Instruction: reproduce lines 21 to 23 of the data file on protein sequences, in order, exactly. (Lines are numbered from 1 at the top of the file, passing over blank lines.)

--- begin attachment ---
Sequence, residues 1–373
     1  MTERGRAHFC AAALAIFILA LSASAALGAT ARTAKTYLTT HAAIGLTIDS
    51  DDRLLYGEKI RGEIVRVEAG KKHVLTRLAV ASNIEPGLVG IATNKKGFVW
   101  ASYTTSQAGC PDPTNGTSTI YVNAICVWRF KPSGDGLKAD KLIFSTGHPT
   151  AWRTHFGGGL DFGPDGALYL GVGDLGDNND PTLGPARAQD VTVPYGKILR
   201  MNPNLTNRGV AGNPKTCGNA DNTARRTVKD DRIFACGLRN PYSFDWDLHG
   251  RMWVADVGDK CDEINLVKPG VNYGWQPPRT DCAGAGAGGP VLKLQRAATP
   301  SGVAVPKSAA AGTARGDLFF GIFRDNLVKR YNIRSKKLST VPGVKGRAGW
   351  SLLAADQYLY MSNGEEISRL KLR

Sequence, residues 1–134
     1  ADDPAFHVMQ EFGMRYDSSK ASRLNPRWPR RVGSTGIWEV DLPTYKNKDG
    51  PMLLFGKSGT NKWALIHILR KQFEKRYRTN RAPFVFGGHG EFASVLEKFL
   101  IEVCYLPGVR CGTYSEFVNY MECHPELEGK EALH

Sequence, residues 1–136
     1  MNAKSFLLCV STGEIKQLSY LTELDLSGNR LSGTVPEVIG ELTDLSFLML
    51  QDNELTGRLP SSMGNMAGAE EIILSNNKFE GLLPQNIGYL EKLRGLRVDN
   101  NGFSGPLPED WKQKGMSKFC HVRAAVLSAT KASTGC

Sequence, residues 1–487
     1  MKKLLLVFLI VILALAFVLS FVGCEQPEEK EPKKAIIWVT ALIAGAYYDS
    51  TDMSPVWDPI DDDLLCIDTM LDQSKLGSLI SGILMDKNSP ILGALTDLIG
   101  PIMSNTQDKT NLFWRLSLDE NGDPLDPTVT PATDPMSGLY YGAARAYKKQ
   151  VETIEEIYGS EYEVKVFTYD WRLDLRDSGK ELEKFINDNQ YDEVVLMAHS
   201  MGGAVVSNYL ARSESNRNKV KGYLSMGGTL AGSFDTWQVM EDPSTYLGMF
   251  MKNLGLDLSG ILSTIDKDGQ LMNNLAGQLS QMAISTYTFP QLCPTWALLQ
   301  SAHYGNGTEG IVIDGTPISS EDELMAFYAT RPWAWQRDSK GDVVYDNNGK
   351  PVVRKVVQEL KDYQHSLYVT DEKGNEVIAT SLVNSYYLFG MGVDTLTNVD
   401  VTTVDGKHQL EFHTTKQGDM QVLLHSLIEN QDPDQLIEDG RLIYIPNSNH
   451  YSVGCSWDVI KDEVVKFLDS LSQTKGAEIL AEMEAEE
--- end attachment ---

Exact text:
   101  PIMSNTQDKT NLFWRLSLDE NGDPLDPTVT PATDPMSGLY YGAARAYKKQ
   151  VETIEEIYGS EYEVKVFTYD WRLDLRDSGK ELEKFINDNQ YDEVVLMAHS
   201  MGGAVVSNYL ARSESNRNKV KGYLSMGGTL AGSFDTWQVM EDPSTYLGMF